Luke 16:27 Commentary - Expository Notes with Practical Observations on the New TestamentHere the rich man is represented as retaining even in hell some tenderness for his relations on earth; yet others think, that the kindness intended, was rather to himself than to his relations; fearing that their sinning by his example should be an aggravation of his own torments.
Note thence, that the presence of sinful relations and companions in hell, may be supposed to make a considerable addition to the miseries of the damned: the sight of those whom they have sinned with, is a fresh revival of their own guilt; all the circumstances of their past and profligate lives are upon this occasion continually in their remembrance.
Note farther, this miserable wretch is convinced that he could not get out of hell, therefore he desires that no friend of his might come in. He knew well enough, that if they were once there, they would come out no more. Indeed, God will at the great day send forth his writ to the graves to bring out the bodies of the wicked that are shut up there; and will send out his writ to hell, to bring forth the spirits that are shut in there; but it is in order to this, that both soul and body together may receive an eternal sentence for an everlasting imprisonment with the devil and his angels, and there will be no more opening for ever.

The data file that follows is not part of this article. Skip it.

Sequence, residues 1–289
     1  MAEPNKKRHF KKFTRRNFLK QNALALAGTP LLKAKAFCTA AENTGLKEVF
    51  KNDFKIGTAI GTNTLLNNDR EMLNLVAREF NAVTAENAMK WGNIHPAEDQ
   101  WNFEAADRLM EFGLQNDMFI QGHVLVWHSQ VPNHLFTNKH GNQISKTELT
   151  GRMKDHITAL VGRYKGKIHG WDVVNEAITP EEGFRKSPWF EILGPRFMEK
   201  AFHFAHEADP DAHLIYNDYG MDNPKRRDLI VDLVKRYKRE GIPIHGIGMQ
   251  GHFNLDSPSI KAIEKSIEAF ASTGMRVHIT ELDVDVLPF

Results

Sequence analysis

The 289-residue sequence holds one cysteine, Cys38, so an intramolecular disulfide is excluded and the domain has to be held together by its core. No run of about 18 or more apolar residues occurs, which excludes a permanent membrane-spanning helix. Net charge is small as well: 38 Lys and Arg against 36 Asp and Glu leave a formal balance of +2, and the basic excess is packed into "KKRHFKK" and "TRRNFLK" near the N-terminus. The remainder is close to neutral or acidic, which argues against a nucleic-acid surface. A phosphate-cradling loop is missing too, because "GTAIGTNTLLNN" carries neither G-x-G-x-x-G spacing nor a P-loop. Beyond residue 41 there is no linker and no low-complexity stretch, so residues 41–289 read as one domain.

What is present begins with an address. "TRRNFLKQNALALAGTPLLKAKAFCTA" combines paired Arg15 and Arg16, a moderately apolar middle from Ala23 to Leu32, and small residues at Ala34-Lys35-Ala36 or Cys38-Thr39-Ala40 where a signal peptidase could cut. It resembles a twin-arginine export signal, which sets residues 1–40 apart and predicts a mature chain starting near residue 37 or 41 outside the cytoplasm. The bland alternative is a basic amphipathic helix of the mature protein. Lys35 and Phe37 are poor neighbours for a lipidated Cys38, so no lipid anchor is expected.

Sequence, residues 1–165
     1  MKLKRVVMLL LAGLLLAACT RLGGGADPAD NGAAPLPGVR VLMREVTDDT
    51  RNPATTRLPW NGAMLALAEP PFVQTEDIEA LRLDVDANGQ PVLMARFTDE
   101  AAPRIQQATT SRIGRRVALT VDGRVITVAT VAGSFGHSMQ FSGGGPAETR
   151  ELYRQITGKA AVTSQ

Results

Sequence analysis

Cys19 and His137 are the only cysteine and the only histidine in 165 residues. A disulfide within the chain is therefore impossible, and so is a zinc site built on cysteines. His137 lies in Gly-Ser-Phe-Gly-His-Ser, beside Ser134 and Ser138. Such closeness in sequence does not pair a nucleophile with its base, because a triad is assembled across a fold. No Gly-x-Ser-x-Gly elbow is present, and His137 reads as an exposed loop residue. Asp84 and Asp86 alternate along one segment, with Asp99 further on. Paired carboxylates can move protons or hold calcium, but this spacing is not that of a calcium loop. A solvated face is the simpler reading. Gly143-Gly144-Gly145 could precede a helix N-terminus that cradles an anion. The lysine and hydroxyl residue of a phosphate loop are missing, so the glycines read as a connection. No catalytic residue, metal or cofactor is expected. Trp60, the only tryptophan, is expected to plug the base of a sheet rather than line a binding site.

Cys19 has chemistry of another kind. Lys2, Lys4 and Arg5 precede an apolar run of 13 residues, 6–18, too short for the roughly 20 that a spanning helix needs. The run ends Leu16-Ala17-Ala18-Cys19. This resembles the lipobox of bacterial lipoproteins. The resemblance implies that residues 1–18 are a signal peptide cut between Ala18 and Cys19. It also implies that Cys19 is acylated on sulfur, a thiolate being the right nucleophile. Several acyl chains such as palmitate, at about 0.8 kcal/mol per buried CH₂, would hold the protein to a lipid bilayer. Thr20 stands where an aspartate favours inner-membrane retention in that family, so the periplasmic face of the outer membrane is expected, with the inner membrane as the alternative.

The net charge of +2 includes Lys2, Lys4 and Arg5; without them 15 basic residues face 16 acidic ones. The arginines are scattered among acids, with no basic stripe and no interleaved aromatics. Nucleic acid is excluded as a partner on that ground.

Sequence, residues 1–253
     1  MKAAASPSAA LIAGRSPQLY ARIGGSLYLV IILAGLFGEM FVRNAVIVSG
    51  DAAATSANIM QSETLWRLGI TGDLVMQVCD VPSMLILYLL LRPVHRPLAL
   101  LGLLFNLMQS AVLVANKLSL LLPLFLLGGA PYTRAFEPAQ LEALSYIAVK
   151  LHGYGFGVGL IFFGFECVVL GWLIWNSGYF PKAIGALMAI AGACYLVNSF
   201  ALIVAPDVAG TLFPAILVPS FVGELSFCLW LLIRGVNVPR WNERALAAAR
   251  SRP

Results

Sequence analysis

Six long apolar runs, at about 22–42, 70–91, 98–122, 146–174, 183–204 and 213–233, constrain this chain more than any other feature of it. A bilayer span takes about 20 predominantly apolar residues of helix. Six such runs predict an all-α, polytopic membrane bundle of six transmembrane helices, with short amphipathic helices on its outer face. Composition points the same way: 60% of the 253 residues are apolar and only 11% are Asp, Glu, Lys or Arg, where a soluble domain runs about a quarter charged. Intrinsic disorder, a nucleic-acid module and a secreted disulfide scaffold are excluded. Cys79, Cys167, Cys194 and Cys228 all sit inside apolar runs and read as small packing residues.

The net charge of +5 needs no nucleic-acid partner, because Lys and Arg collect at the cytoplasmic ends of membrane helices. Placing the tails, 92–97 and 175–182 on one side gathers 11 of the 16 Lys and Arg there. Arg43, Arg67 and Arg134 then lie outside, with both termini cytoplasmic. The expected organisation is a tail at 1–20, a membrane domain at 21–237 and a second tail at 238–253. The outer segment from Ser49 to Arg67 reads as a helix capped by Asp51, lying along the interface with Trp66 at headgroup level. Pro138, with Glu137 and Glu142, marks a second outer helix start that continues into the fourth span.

Consult other comments:
Expository Notes with Practical Observations on the New Testament
William Burkitt (1650 - 1703) was a Church of England clergyman, bible expositor, and devotional writer.
Volume 1: Matthew - John, was published in 1700.
Volume 2: Acts - Revelation was published 1703.